Chase Elliott looks back on what could have been in Daytona 500

Chase Elliott’s disappointment from last Sunday’s Daytona 500 was in large part because of a missed opportunity being “that guy” in the race.

Chase Elliott looks back on what could have been in Daytona 500
Chase Elliott, Hendrick Motorsports Chevrolet, leads the field past the green flag
Chase Elliott, Hendrick Motorsports Chevrolet; Martin Truex Jr., Furniture Row Racing Toyota; Kurt Busch, Stewart-Haas Racing Ford
Chase Elliott, Hendrick Motorsports Chevrolet
Chase Elliott, Hendrick Motorsports Chevrolet, pit stop
Helmet of Chase Elliott, Hendrick Motorsports Chevrolet
Chase Elliott, Hendrick Motorsports Chevrolet
Chase Elliott, Hendrick Motorsports Chevrolet
A.J. Allmendinger, JTG Daugherty Racing Chevrolet, Chase Elliott, Hendrick Motorsports Chevrolet and Aric Almirola, Richard Petty Motorsports Ford
Winner Duel 1, Chase Elliott, Hendrick Motorsports Chevrolet

While in the lead, Elliott ran out of fuel with three of 200 laps remaining costing him the chance at his first Monster Energy NASCAR Cup Series race in the series’ biggest event.

“We had a great car for sure and the day went pretty well for us. Being able to lead some laps and kind of be able to push some lanes forward. I thought our car had the ability to kind of be ‘that guy’ and be able to push a lane and make something happen, which is what you always want,” Elliott said Friday at Atlanta Motor Speedway.

“We were fortunate enough to stay out of some of the wrecks. So, really, I think the biggest disappointment is (that) we were able to survive all the way to the end and that is a hard thing to do in itself.”

One of the cars to beat

Elliott won his 150-mile qualifying race at Daytona and won the pole for the second consecutive season.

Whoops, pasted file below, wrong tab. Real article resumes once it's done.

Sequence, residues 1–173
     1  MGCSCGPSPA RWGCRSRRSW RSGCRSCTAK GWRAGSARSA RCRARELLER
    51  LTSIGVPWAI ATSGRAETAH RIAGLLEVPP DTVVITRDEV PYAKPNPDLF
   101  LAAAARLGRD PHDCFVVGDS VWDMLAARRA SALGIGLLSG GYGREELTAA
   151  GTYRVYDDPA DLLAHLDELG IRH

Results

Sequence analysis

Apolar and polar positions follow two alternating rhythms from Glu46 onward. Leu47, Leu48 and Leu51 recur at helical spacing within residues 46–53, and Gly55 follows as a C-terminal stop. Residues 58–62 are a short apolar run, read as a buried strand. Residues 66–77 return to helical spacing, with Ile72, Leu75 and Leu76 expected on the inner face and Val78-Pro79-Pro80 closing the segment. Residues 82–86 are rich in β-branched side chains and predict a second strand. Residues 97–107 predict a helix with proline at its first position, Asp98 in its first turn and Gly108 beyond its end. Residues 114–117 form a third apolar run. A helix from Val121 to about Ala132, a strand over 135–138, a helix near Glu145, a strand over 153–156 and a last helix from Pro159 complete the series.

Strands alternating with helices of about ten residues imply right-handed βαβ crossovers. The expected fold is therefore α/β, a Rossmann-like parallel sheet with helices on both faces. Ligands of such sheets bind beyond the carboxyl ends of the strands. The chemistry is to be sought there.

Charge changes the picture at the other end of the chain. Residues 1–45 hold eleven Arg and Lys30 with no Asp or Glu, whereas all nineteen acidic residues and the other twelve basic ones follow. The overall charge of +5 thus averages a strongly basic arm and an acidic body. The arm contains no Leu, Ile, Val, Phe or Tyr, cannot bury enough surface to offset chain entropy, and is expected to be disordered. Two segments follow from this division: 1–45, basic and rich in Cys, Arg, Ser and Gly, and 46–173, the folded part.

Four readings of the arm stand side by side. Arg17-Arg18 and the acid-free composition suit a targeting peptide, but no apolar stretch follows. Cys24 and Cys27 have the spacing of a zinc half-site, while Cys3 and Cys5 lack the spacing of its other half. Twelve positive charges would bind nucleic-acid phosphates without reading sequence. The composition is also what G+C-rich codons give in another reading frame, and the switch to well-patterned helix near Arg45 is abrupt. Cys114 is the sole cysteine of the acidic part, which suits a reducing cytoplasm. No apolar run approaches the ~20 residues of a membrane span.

He certainly had a car capable of winning and it showed during the race, even though he lost the help of Hendrick Motorsports teammates Dale Earnhardt Jr. and Jimmie Johnson – both to wrecks – during the event.

“You don’t see a whole lot of superspeedway races come down to fuel mileage. I think that was a big thing was it’s just so hard to survive that race and just to make it to the end,” said Elliott, who made his first public comments about last Sunday's race.

“We saw a lot of torn up cars and we were fortunate enough to get there and I think that is the biggest thing is we made it to the end – just not in the right manner.”

Fuel mileage

Elliott said his No. 24 team told he they would be “really close” on fuel at the finish, perhaps even a little short.

“Really, the situation we were in, leading the race, we didn’t talk about falling back to try to draft because we all know as soon as I do that, the caution comes out and then everybody makes it from there,” he said.

“So, I knew it was really close and I knew just from the lap that we pitted without them telling me, I knew it was a long way on gas for everybody. Obviously, once it sputtered I really knew that we were close.

“I was the first one to know for sure.”

Dealing with the disappointment

Elliott said he was obviously disappointed with the outcome but it’s not something he’s unaccustomed to, having finished second or third five times in his 2016 Cup rookie season.

“We were leading and it’s easy to say ‘It was ours to lose.’ In reality, there were still three laps to go and three laps at Daytona is a long time,” Elliott said. “So, I think for us to sit back and think that we had it locked down is kind of foolish. 

“For us, it’s disappointing for sure, but there are some positives to take from the day and again, we were faced with circumstances that we really couldn’t control and I felt like we played what we had the best we could. Some days that is all you can do.”

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